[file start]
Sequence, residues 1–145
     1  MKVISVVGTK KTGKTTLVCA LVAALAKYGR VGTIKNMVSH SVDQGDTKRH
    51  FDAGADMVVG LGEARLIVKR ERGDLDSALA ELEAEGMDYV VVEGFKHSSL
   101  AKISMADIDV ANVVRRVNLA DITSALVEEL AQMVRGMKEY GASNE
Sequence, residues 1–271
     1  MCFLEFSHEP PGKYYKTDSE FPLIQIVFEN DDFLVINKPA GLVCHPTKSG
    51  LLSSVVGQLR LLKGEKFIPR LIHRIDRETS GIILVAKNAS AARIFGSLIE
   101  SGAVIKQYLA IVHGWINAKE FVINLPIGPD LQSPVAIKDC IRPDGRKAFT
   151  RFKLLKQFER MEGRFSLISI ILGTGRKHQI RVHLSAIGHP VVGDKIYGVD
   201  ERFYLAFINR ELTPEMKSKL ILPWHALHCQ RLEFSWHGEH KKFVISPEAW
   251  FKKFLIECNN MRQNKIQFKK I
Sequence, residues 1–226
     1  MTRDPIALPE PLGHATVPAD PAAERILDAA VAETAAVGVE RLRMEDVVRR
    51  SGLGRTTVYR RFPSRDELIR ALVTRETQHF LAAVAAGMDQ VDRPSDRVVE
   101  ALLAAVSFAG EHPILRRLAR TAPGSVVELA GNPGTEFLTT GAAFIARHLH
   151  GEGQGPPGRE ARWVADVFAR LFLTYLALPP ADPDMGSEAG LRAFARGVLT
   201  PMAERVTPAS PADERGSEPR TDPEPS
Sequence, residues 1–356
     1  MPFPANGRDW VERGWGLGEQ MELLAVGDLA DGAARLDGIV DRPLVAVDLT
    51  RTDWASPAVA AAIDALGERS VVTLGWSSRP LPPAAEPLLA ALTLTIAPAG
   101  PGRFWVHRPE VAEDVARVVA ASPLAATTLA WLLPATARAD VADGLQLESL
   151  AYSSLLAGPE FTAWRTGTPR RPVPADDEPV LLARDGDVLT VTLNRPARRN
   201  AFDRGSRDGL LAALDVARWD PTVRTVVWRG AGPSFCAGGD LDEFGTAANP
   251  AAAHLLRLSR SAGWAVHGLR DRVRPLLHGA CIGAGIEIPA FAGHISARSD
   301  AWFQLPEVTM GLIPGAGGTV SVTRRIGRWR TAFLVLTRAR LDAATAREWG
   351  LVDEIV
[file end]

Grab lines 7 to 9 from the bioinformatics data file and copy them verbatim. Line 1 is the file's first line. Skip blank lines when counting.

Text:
    51  LLSSVVGQLR LLKGEKFIPR LIHRIDRETS GIILVAKNAS AARIFGSLIE
   101  SGAVIKQYLA IVHGWINAKE FVINLPIGPD LQSPVAIKDC IRPDGRKAFT
   151  RFKLLKQFER MEGRFSLISI ILGTGRKHQI RVHLSAIGHP VVGDKIYGVD